Art fair Shanghai breaks new ground with Best of Discovery emerging artists – Financial Times, Artkrush
Posted by artradar on September 14, 2008
ART FAIR CHINA EMERGING ARTISTS
“Best of Discovery” is a unique curated section of Shanghai’s premier art fair ShContemporary 08 featuring over 30 selected emerging artists from the Asia Pacific region who are presented to a global audience for the first time.
In a “ground-breaking move” ShContemporary founder Rudolf has commissioned a team of independent curators with knowledge of their given regions to make an informed selection of work by promising younger artists largely unknown on the international stage says the Financial Times. They have scoured not only China but Australasia, Central Asia, India, Indonesia, Japan, Korea, the Middle East, Taiwan and Thailand.
The works are on display in an open-format, museum-like installation in the grounds of and inside the imposing Soviet-built Shanghai Exhibition Centre, where the ShContemporary fair is held from September 10 to 13 2008.
Selected on merit not gallery affiliation
The pieces have been selected not on gallery affiliation but on merit alone. “In fact” says the Financial Times “half the artists selected had no gallery representation at all. For the purposes of the fair, exhibiting dealers have sponsored these artists, forging temporary relationships that may well continue after the event.”
The 11 international curators selected a range of “markedly experimental” works says Artkrush. “Pieces by better-known figures such as Beijing’s Wang Luyan – a muscular satirist of consumption and politics – share space with Yael Bartana who employs cultural symbols to unpack political concerns, and from Japan, upstart provocateur Tadasu Takamine – most notorious for his controversial Kimura-san video, which shows the artist helping a disabled friend masturbate – is grouped with his more sedate countryman Sakae Ozawa.”
Intriguing art from Central Asia, Caucasus
The Financial Times notes that “the most intriguing is the work being produced in those regions where creativity has been frozen, corrupted or isolated for decades, even centuries”. Perhaps least known is the art of the new Central Asian republics which first made their debut on the international stage at the Venice Biennale in 2005. To represent Central Asia and the Caucasus, curator Sara Raza has alighted on the work of the outlandish Kazak performance artist Erbossyn Meldibekov and also on the emerging Georgian artist Sophia Tabatadze.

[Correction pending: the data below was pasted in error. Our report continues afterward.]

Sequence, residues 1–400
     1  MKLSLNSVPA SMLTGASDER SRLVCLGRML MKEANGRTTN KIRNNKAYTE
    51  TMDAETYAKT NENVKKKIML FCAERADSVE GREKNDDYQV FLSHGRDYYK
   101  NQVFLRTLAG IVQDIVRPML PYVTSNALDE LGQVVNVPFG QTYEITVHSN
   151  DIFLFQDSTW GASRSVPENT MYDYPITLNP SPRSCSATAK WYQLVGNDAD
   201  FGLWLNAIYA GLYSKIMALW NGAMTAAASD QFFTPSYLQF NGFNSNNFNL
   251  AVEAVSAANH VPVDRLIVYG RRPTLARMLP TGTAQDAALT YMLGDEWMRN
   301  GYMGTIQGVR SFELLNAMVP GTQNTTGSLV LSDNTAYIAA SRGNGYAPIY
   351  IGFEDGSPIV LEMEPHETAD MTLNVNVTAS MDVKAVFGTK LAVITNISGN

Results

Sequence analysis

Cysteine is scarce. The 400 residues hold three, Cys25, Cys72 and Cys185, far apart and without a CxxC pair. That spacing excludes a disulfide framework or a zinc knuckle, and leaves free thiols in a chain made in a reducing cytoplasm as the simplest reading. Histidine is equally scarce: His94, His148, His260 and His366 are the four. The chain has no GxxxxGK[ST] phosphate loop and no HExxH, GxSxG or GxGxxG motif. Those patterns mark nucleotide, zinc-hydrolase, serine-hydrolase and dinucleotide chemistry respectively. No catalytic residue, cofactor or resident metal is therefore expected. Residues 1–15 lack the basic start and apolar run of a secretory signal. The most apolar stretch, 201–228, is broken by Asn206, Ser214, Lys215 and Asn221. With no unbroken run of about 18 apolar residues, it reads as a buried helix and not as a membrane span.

List of Asian artists: Cambodia: Sopheap Pich (1969 Cambodia), Central Asia: Sophia Tabatadze (1977 Georgia), Erbossyn Meldibekov (1964 Kazakhstan), China: Wang Luyan (1956 Beijing), Zhu Jinshi (1954 Beijing), Wang Zhiyuan (1958 Tianjin China), Shi Yong (1963 Shanghai), Chen Yenling (1969 China), Taiwan: Effie Wu (1973 Taiwan), Huang Po-Chih (1980 Taiwan), India: Tushar Joag (1966 India), Vibha Galhotra (1978 India), Ved Gupta (1975 India), Sumedh Rajendran (1972 India), Indonesia: Agus Suwage (1959 Indonesia), J Ariadhitya Pramuhendra (1984 Indonesia), Japan: Tadasu Takamine (1968 Japan), Sakae Ozawa (1980 Japan), Hiraki Sawa (1977 Japan), Korea: Jina Park (1974 US works in Korea), Clara Shin (1974 Brazil works in Korea), Jo Jong Sung( 1977 Korea), Thailand: Dearborn K Mendhaka (1979 Thailand), Vietnam: Nguyen Thai Tuan (1965 Vietnam), Israel: Yael Bartana (1970 Israel), Iran: Reza Aramesh (1968 Iran)
List of Asian specialist curators: Erin Gleeson (Cambodia), Sara Raza (Central Asia, Western Asia, Middle East), Huang Du (China), Sean CS Hsu (Taiwan), Deeksha Nath (India), Rikky Effendy (Indonesia), Reiko Tsubaki (Japan), Shin Young Chung (Korea), Sutee Kunavichayanont (Thailand), Din Q Le (Vietnam)
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